02/17/11 222 W, 1 I - + 8 - 7 Kenansville Prison Camp Fire Kills 11, 1931


Performing my regular eBay search on "NC fire" finds this 1931 issue of the Omaha Bee-News for sale. The contents of the issue are described as including a Kenansville prison camp disaster. Subsequent Google searches finds the story of a Duplin County prison camp (also called stockade) that burned on March 7, 1931. Eleven convicts were killed, which makes the fire the second deadliest in the state's history, behind the Hamlet chicken plant fire that killed 25 in 1981. See my database of deadliest fires in North Carolina.

The prison camp was located several miles from Kenansville. The fire started in the early morning, and guards and citizens rushed to release as many of the 52 prisoners as possible from their steel and wooden cages. Flames spread from the camp kitchen to the sleeping quarters. Camp Superintendent John Best reported the fire using the camp's lone telephone line, and nearly all of the town's citizens responded to assist.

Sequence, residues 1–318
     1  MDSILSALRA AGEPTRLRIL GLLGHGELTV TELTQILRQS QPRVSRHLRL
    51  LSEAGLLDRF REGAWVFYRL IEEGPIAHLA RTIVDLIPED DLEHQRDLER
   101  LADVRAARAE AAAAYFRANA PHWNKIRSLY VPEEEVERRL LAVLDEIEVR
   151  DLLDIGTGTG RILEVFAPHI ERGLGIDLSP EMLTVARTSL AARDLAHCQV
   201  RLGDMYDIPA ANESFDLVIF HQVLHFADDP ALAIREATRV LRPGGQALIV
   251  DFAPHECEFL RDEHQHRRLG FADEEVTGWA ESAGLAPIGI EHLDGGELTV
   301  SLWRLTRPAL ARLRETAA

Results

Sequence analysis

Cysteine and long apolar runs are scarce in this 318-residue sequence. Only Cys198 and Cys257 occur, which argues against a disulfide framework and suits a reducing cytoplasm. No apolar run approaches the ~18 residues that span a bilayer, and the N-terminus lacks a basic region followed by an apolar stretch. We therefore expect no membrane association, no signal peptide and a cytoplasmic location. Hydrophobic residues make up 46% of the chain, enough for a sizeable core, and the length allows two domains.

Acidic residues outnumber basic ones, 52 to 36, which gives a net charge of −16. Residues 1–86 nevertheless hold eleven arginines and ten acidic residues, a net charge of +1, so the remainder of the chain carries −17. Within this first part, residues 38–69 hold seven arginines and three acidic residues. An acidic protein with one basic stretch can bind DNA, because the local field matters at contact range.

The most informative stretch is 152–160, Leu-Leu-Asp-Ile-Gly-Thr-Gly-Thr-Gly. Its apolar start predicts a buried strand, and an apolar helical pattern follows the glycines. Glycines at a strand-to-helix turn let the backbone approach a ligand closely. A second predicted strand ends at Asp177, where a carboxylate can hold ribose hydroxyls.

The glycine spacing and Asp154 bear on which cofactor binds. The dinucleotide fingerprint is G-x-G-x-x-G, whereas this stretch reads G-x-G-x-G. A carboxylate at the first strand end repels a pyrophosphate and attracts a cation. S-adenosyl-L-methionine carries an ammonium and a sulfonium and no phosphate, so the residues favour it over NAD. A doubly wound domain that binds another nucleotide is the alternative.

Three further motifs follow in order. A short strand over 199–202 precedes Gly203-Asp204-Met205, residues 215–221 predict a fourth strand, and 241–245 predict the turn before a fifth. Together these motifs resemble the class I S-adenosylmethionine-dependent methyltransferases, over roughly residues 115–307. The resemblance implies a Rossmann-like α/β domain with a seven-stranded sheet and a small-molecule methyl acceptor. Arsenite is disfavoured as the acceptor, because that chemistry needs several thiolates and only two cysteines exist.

Four guards worked as fast as possible to open cell doors. Forty-one prisoners were saved, and 11 died.  Read this account from the Charleston Daily Mail as transcribed on GenDiasasters. The facility appears still operational, as this NCDOC page states. They cite the year of the fire as 1928. Next step, updating my fatal fires database accordingly.
 







  
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